Shia Islam in the Eyes of a Non-Muslim


In Sunni-Shia polemics, Sunnis and Shias often end up debating minute theological, historical and jurisprudential technicalities such that they often overlook the bigger picture. The implications of entire historical narratives are thus neglected as polemicists passionately debate specific details from those narratives. However, the question that must be asked is: how do such narratives, at the end of the day, depict the Prophet and Islam? In this article, we shall dissect Shia Islam from the neutral perspective of a non-Muslim bystander.

In a Nutshell:

This article commences with a genuine inquiry from a non-Muslim bystander: “What is Shia Islam?”

In response to this question, we shall fairly outline and present the Twelver Shi’ite narrative:

In the 7th century, Allah sent a Messenger from the tribe of Quraish to the people of Mecca and surrounding Pagan Arabs. The purpose of this Prophet was to invite the idolaters to monotheism and the worship of Allah alone. Thus, the Prophet faced persecution and resistance from the Pagans who viewed his faith as a threat to their institutions.

HOWEVER, this Prophet also preached that his family, out of all people, were superior to all of mankind. He even claimed that his cousin, ‘Ali, was the best of all mankind after him. This Prophet even continuously asserted that only his cousin were to rule his subjects after his death, and on numerous occasions, he openly appointed his cousin, ‘Ali (out of all people), as a religious and political successor.

This prophet also regularly claimed that only twelve members from his household were to legitimately assume rulership of the community after him. Not only did this Prophet continuously assert that his household had exclusive rights to the political leadership of his subjects, but he also regularly asserted that his own family had exclusive religious authority over his religious community.

This Prophet received a book from God called the Quran. This book, as reported in various Twelver sources, was revealed in fourths. One fourth of it was in the merits of his own family, one fourth was in the blunders of his family’s enemies, one fourth was in stories and parables and the last fourth pertained to religious rulings.

This Prophet even claimed that his daughter and her husband (his cousin) were infallible, and he similarly claimed that 11 of his descendants were infallible as well. He even ventured to claim that those individuals from his family had knowledge of the unseen, and control over the universe (a concept later coined as Wilayah Takwiniyyah).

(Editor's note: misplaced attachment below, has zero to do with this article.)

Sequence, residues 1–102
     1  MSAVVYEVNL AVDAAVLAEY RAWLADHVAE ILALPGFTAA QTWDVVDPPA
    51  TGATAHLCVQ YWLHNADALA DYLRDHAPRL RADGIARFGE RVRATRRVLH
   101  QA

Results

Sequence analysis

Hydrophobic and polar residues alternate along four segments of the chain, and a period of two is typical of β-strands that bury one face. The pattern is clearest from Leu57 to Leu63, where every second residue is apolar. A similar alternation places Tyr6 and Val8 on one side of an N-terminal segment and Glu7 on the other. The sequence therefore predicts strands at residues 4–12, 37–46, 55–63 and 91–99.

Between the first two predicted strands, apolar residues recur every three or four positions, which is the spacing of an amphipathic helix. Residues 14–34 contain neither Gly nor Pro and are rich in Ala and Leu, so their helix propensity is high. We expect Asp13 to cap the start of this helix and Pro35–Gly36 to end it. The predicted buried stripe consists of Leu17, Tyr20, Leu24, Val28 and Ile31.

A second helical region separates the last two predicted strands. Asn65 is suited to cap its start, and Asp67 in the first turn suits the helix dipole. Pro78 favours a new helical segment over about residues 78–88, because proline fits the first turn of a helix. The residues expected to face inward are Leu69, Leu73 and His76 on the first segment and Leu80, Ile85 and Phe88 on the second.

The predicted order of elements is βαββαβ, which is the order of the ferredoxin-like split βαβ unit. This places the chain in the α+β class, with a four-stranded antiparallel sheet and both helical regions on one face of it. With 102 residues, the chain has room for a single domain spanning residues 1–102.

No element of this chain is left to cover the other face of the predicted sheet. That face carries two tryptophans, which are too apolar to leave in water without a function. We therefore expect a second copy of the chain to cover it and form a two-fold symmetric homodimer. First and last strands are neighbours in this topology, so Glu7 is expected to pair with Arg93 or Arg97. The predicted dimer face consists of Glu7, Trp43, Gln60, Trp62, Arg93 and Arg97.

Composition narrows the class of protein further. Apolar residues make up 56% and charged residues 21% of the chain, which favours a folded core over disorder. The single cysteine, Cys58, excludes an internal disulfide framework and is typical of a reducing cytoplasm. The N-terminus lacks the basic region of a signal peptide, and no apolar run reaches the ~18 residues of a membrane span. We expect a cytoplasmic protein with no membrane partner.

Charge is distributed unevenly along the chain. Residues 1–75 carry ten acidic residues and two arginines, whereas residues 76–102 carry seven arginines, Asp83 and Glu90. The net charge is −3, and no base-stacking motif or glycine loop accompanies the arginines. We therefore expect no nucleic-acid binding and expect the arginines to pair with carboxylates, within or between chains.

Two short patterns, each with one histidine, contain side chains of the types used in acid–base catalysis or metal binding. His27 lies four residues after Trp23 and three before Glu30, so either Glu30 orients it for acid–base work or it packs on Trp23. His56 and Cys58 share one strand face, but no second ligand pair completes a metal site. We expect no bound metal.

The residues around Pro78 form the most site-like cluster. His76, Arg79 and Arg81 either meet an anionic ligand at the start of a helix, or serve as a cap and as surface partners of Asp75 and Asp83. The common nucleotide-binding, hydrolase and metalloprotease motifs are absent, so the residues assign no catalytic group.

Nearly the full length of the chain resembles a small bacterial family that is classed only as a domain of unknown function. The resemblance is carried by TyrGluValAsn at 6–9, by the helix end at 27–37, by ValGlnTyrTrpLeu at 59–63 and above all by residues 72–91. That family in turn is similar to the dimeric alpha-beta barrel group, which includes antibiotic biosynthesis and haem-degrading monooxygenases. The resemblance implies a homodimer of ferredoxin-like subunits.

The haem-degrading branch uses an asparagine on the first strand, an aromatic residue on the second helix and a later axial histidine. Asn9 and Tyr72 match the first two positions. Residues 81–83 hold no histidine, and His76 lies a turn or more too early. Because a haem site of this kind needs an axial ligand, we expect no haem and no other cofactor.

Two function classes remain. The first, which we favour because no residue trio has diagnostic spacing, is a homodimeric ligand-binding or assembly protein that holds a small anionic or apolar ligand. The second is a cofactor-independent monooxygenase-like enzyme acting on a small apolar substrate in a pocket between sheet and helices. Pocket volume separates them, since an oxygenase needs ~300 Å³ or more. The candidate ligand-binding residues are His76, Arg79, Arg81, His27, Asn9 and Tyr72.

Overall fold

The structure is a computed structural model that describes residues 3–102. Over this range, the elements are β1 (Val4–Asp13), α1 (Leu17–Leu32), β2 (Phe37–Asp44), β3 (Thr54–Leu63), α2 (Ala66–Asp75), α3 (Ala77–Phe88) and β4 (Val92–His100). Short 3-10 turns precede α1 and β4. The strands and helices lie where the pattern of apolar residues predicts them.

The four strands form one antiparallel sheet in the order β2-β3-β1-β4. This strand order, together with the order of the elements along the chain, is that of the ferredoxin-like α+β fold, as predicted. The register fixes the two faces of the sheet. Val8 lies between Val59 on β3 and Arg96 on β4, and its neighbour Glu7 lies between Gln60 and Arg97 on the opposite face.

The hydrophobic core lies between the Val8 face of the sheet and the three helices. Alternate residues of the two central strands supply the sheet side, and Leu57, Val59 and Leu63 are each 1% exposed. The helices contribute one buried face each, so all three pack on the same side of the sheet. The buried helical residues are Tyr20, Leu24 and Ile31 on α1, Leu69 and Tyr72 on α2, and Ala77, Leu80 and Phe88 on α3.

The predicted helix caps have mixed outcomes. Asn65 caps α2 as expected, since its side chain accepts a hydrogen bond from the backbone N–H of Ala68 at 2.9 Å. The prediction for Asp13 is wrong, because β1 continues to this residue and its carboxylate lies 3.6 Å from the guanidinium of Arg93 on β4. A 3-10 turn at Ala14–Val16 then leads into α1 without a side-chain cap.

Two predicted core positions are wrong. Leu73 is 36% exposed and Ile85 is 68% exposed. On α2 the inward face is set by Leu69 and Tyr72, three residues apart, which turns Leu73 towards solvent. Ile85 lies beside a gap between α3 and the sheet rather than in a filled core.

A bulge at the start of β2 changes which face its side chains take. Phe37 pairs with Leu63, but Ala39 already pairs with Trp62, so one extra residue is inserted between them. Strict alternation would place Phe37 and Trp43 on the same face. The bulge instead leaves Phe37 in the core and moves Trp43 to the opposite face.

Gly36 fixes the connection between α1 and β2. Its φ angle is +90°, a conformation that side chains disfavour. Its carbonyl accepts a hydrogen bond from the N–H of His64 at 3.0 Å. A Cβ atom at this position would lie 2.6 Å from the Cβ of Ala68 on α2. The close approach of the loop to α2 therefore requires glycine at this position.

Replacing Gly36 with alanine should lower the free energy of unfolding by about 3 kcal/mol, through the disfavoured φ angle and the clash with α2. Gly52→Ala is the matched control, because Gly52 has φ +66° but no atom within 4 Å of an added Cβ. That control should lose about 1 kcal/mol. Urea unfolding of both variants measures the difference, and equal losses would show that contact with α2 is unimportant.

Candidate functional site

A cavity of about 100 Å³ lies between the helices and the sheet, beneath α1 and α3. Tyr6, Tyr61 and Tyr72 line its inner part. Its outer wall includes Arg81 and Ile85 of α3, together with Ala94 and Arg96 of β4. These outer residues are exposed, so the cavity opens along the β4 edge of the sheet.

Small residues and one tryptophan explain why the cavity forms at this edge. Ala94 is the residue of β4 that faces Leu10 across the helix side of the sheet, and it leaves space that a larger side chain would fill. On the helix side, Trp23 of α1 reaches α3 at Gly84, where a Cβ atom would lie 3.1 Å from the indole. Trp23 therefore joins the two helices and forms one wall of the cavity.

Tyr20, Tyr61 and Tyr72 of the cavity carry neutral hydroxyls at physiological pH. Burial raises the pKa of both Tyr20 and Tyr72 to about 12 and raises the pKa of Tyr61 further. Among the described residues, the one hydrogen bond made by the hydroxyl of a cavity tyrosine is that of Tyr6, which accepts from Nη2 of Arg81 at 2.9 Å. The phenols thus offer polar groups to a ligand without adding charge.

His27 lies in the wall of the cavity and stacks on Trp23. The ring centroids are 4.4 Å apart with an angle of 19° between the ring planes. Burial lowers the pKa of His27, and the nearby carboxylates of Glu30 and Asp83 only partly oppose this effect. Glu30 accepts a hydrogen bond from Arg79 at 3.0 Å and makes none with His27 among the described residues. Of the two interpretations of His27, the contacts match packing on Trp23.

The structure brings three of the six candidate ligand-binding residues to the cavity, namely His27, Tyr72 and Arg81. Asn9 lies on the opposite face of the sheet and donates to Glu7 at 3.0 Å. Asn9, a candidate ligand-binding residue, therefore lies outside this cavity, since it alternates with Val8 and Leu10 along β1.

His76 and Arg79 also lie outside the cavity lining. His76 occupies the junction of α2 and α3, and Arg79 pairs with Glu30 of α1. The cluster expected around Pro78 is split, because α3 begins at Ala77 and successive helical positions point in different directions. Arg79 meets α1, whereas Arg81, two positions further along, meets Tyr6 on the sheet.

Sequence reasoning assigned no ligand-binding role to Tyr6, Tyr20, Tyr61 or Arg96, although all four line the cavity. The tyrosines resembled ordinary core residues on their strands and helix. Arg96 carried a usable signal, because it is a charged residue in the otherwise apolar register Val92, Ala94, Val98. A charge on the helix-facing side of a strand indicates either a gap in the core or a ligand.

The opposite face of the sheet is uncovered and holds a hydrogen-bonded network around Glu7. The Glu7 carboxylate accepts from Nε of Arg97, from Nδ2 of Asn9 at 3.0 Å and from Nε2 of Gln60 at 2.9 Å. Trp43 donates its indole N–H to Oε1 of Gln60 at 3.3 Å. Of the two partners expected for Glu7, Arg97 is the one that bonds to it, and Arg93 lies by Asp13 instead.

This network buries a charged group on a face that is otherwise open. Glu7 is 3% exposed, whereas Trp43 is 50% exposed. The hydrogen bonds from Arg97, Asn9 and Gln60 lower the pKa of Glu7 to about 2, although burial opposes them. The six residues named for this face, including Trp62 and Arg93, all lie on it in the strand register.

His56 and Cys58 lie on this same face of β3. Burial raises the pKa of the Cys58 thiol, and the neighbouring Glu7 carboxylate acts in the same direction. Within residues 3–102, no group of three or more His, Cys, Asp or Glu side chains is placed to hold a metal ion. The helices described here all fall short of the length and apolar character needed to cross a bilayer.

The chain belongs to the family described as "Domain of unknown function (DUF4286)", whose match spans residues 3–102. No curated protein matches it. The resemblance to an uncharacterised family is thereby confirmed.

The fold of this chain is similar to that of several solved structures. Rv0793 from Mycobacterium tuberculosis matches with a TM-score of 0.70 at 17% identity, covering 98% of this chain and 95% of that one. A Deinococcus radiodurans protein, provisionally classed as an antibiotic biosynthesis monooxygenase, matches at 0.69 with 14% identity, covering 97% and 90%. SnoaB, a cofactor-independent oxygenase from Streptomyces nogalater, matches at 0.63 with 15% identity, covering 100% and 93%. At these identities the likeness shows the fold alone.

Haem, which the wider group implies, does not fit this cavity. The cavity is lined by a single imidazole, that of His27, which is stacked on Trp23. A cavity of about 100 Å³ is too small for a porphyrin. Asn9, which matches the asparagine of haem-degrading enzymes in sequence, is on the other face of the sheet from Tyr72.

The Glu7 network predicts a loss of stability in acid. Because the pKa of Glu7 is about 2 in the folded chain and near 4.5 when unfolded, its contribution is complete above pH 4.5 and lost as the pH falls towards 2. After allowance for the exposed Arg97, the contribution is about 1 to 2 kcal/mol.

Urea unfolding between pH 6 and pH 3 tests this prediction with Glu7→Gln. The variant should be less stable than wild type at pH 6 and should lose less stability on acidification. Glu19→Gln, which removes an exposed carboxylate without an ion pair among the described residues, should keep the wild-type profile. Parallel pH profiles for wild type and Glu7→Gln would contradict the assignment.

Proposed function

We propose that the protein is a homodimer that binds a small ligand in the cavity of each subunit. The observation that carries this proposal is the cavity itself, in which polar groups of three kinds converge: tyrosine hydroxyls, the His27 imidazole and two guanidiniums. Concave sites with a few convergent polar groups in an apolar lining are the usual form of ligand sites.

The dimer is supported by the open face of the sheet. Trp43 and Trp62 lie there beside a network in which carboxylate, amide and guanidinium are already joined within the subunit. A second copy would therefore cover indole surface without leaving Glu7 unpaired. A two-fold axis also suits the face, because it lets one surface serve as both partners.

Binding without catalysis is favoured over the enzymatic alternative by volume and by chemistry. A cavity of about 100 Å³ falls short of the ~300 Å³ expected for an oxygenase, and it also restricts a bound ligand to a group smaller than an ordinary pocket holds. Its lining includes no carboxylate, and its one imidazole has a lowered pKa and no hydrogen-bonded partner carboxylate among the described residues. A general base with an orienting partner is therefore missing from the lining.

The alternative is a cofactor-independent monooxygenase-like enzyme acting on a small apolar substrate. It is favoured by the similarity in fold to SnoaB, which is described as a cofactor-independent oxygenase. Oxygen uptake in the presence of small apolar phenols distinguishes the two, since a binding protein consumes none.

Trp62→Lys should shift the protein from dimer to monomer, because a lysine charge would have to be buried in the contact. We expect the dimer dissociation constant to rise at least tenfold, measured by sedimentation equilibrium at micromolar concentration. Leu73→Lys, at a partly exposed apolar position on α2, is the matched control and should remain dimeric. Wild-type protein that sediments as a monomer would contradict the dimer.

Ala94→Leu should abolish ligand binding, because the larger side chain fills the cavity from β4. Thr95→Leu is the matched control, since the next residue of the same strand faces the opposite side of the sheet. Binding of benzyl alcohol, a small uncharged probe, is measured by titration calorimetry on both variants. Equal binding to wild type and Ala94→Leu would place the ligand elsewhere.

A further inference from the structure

This Prophet even claimed that the followers and supporters of his family would rest in Heaven and that opponents of his family would dwell in Hell.

After this Prophet’s death, his closest followers and disciples took part in a massive conspiracy that usurped rulership from his family, which they were expected to assume. Then, his disciples proceeded to murder his own daughter inside her house. Then, this Prophet’s religion was hijacked (by his closest companions), and this hijacked/distorted version of Islam has prevailed in the Muslim community since then.

This is a brief summary of the Prophet’s life in light of Twelver theology. If someone were to claim that we have misrepresented Twelver theology in this article, then we challenge them to demonstrate how we have done so.


It is evident that such a narrative, in reality, discredits the Prophet as a power-thirsty individual who ultimately sought power and status for his family. The fact that a fundamental tenant of his faith was wilayah (loyalty) to his family merely demonstrates this reality.

Critics of Islam have often made this point, and the best response to this claim is to demonstrate the impartiality of the Prophet with regards to political rulership and succession! However, a narrative that presents the Prophet as an individual who continuously aimed to establish his family members as his political and religious successors is a narrative that directly implicates the Prophet in this context!

Thus, it would be understandable if a neutral non-Muslim bystander were to dismiss Islam and be repulsed by such a faith and historical figure. Perhaps this is why Twelver dawah efforts are mostly limited to Muslims, as the Twelver narrative is one that fundamentally discredits Islam in the eyes of a neutral bystander. The Twelver historical narrative can only be believed by someone who already has respect and reverence for the Prophet (i.e a Sunni Muslim or a non-Muslim who has interest in Islam…).

Rarely does one find Twelvers inviting non-Muslims to Islam. When they do, the non-Muslim is not exposed to the entire Twelver narrative. Rather, the non-Muslim is presented with a general Islamic narrative that resembles Sunni Islam. The Shi’ite narrative is then gradually presented and “trickled down” to the clueless inquirer.

Note: Our objections to the Twelver narrative are not limited to this particular appeal. Using the “hadith” tag on our website, one can evaluate a variety of our technical contentions to the defective historical narrative of the Shi’ite school.

It is about time that the implications of this baseless historical narrative are publicly questioned and dissected such that no one can fall prey to the various efforts that seek to normalize this distorted theology in the Muslim community.

And Allah is the Witness of Abu Al-Abbas.

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